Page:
Paris Air Show

Galileo’s Seagull takes flight

 - June 12, 2007, 9:27 AM

Galileo Avionica, the Italian division of Selex Sensors & Airborne Systems, is showcasing a new family of airborne sensors named “Gabbiano” (Italian for seagull). The modular airborne surveillance radars tap the combined expertise of the Finmeccanica group’s newly combined Italian and UK sensor businesses, which in the past have developed light maritime radars such as the RDR 1500 and the APS-717. The new systems will be adaptable to a variety of platforms ranging from unmanned aerial vehicles to maritime patrol aircraft.

The Gabbiano is an X-band pulse Doppler radar that can provide medium-range maritime detection capability, as well as offer search-and-rescue (SAR), intelligence, surveillance and airborne reconnaissance (ISAR) modes and a ground moving target indicator (GMTI). The system’s core is a receiver exciter processor that can be coupled to transmitters of varying capacity and to antennas of increasing diameter.

To maintain the highest operational flexibility, Galileo Avionica decided to exploit the X band, which provides optimal maritime performance. In the SAR/ISAR modes, it ensures a submeter resolution, avoiding the dramatic performance decrease in adverse weather conditions typical of millimeter wave radars such as those in Ku-band.

The design parameters for the Gabbiano were the result of company market analysis carried out in 2004. The program received a green light the following year and the research-and-development team currently is about halfway through the development process.

The basic version of the Gabbiano family is starting the integration process and will progressively receive operational software releases, most of which are based on technologies developed by Galileo Avionica with its long radar heritage. This process should allow first customer deliveries to be made in the second half of next year.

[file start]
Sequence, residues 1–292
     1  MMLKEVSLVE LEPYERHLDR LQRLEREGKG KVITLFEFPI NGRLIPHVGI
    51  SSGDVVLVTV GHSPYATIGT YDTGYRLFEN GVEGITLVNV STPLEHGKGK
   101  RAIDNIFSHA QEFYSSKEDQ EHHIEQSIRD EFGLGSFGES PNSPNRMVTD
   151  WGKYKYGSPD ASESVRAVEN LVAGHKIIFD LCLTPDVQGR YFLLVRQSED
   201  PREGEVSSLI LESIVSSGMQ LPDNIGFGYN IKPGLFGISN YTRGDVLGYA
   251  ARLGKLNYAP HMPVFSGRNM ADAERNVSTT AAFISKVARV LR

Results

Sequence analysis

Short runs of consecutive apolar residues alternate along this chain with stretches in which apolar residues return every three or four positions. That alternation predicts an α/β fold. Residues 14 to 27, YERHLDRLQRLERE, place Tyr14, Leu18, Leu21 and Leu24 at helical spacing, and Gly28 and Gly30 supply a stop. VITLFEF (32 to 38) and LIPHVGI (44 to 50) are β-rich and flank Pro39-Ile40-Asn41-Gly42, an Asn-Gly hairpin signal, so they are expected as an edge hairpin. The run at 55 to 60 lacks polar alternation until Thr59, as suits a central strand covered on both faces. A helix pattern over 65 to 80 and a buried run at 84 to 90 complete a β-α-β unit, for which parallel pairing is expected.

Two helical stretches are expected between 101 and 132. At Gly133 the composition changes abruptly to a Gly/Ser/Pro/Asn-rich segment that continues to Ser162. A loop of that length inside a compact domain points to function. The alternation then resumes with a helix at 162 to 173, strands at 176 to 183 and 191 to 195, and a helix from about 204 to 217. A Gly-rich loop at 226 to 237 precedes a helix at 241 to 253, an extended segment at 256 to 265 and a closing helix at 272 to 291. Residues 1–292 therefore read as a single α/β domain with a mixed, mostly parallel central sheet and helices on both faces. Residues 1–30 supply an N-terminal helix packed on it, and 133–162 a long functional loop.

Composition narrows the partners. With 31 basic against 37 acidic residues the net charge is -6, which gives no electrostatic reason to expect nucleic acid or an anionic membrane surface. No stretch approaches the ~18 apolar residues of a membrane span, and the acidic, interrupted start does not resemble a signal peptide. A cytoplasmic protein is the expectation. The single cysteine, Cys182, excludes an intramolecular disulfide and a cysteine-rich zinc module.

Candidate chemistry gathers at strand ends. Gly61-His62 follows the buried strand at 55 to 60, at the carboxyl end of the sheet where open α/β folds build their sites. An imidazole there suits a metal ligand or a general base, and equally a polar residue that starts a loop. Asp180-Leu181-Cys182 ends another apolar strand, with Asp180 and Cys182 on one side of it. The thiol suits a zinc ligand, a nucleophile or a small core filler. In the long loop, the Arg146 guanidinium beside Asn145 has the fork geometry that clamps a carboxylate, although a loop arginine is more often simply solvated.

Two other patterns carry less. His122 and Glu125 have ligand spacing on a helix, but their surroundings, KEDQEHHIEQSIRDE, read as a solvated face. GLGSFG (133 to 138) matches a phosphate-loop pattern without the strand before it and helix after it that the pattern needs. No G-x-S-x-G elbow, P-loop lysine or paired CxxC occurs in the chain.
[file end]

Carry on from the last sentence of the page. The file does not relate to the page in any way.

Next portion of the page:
The T20 version of the Gabbiano is based on a 20-watt solid-state emitter, with its low emitting power ensuring low detectibility. It also employs a mechanical-scanning 29-inch belly-mounted antenna, which provides a 360-degree surveillance range over about 80 nm (and twice as far in weather mode). When the radar is used in the GMTI mode, the lower side lobes typical of a mechanical-scanning antenna provide better protection against ground clutter than an electronically scanning antenna would.

According to Galileo Avionica, the Gabbiano will offer a distinct edge in terms of weight, dimensions, power absorption and cooling needs. Tapping the family’s modular design, two more versions are being considered, both based on traveling wave tube transmitters–the T200, with a power of about 200 watts, and the T500, with more than 500 watts.

To fully exploit higher emitting power, bigger antennas–such as those developed for the European Navy Radar used on board the NH-90 naval helicopter–can also be used as part of the Gabbiano concept. In addition, a nose version of the antenna is planned, which will provide a scanning range of approximately 90 degrees.